A New Flurry of Office Vacancy Concerns
Nearly three years after the first cases of COVID-19, U.S. cities are still perplexed about the future of their business districts.
Nearly three years after the first cases of COVID-19 were reported in Wuhan the world is different. For cities, there is a persistent concern for most about the demise of commercial real estate. Over the past month there has been a flurry of these articles as the discussion seems to be intensifying at year’s end amid the broader macro economic environment.
Whether due to layoffs or cost-cutting measures, it seems that many tech companies are scaling back on their office space needs, leading to higher vacancy rates and putting the recovery of some downtown areas into question.
While there is no clear solution to this issue, these articles provide some insights and highlight the challenges that cities face as they seek to rebuild after the pandemic.
Below is a selection of articles highlighting the growing concern among business owners and city officials about office vacancies across the US. Many are questioning whether downtown areas can survive without a thriving commercial real estate sector.
Prior to Back of the Budget Commentaries on this Topic
“Mass Transit's Summer of Discontent” (July 2022)
“The Bay Area's Long Road to Post-COVID Recovery” (July 2022)
“The “Return to Office” Campaign Bust” (June 2022)
“Rethinking the Central Business District” (Nov 2021)
86 of 120 Markets have Seen an Increase in Vacancy Rates
With so many people now working remotely or hybrid schedules, some offices are becoming a thing of the past.
The pandemic has led to an increase in vacancy rates across the U.S., and this trend did not change in 2022. In the past year, 86 of the 120 markets monitored by CommercialEdge have seen an increase in vacancy rates—22 of those are top 25 markets.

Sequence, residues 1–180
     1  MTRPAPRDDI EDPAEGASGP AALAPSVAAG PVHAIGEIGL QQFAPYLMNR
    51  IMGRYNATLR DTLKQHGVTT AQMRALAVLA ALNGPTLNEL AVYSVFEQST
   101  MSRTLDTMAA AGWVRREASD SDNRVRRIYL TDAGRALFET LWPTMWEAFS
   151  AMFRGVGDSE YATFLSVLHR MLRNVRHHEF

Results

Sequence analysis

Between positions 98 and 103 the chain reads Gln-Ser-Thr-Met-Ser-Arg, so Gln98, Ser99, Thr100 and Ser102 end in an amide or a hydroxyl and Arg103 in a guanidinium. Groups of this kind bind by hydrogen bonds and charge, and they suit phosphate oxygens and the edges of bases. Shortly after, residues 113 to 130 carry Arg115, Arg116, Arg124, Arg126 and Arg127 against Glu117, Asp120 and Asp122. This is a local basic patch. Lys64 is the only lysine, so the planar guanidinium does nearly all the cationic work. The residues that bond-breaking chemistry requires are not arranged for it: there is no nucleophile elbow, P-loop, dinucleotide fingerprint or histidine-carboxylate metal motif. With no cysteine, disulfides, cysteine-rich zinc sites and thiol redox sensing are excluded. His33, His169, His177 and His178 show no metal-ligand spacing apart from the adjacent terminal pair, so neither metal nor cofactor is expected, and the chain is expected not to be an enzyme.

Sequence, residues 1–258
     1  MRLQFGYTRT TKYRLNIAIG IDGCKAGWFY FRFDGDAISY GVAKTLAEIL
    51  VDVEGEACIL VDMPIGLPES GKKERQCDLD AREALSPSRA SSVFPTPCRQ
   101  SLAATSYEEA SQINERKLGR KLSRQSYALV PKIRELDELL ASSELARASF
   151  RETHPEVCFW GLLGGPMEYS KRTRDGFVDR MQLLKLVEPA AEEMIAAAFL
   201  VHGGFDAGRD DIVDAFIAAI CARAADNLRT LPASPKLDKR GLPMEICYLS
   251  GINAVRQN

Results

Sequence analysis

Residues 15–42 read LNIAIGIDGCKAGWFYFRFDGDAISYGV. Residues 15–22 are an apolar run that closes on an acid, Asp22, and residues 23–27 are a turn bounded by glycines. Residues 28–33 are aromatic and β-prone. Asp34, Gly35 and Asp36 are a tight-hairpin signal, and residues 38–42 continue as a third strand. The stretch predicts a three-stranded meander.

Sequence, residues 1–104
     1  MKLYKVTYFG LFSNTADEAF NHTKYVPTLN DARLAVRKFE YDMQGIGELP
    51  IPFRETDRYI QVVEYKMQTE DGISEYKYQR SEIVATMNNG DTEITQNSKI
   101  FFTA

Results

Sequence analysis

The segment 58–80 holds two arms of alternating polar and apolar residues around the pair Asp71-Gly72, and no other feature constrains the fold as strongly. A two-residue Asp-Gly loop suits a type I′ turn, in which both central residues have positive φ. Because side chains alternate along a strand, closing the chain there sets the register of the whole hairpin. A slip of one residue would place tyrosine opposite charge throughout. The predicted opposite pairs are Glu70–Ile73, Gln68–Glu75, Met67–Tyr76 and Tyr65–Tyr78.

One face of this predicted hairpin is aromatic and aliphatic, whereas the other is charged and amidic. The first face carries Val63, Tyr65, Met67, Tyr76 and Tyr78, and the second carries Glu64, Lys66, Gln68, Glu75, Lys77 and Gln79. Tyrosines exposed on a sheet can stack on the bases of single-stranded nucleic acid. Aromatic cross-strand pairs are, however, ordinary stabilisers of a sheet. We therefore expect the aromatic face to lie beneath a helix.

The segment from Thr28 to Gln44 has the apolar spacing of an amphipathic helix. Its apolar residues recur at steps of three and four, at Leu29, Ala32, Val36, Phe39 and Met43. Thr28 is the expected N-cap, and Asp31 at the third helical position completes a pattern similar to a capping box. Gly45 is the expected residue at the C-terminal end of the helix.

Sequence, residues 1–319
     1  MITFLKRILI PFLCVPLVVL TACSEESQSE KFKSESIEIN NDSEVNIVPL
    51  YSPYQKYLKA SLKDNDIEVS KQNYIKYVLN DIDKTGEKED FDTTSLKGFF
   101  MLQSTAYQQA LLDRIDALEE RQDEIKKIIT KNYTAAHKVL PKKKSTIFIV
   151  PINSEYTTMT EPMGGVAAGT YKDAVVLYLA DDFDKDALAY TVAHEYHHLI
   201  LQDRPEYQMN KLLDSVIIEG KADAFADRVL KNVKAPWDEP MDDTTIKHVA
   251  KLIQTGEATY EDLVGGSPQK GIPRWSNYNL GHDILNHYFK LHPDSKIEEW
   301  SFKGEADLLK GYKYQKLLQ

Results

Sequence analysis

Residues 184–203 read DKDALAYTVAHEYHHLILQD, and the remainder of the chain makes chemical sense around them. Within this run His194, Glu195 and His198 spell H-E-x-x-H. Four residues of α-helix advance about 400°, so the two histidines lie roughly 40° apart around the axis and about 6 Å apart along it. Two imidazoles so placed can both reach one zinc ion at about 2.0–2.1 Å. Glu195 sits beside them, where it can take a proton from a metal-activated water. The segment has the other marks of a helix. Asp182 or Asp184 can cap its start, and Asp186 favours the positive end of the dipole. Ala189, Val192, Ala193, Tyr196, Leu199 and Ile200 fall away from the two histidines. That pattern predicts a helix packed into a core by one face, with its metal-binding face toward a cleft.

The vacancy rate has increased significantly since November 2021 in Portland (by 400 bps) and San Francisco (by 390 bps).
The vacancy rate has decreased in the past 12 months only for these top markets: Boston (-170 bps), Charlotte (-120 bps) and Washington, D.C. (-80 bps).
Recent Articles on the Increase in Office Vacancies Among Major U.S. Cities
“Office Vacancies Climb Throughout the U.S.” Commercial Observer
The national vacancy rate at the end of October was 16.3 percent, which is 150 basis points higher than a year prior, according to a new report by CommercialEdge.
Owners of some of the most expensive office towers in the Twin Cities are choosing to walk away from their properties instead of continuing to make loan payments.
Worker foot traffic in downtown Seattle last month was less than 40% of that in October 2019, and the percentage has dropped since August, according to data from the Downtown Seattle Association.
The city’s largest private employer could continue to downsize its office footprint, executives said in a recent earnings call.
“S.F. and Silicon Valley’s office markets are slumping. Tech layoffs and cost-cutting could make it worse” San Francisco Chronicle
San Francisco’s office vacancy rate — based on the amount of office space listed for lease or sublease — was a record high 25.5% in the third quarter, according to real estate brokerage CBRE.
“Office vacancies in the Financial District are on the rise” Boston Business Journal
The third quarter saw vacancy rates in the Financial District [Boston] rise to 15.8%, the highest level since the pandemic began.
“The Office Is Half-Dead” Curbed New York
The tech industry is pulling back on office space in New York. Facebook, which was supposed to lease more space in Astor Place and Hudson Yards, put both plans on pause, as Bloomberg reported in July, and is now terminating its lease at 225 Park Avenue South. Amazon also cut back space it had planned to lease at Hudson Yards.
In the last three months, Dumbo Moving downsized about 200 offices into storage and about another 100 into smaller office space. That’s double what the New York City-based moving company did in the same period last year and multiples higher than what it would have done pre-pandemic.
Work From Home and the Office Real Estate Apocalypse (SSRN, June 2022)
We [the authors] revalue New York City office buildings taking into account both the cash flow and discount rate implications of these shocks, and find a 39% decline in long run value. For the U.S., we find a $413 billion value destruction. Higher quality buildings were buffered against these trends due to a flight to quality, while lower quality office is at risk of becoming a stranded asset. These valuation changes have repercussions for local public finances and financial stability.
Any opinions expressed herein are those of the author and the author alone.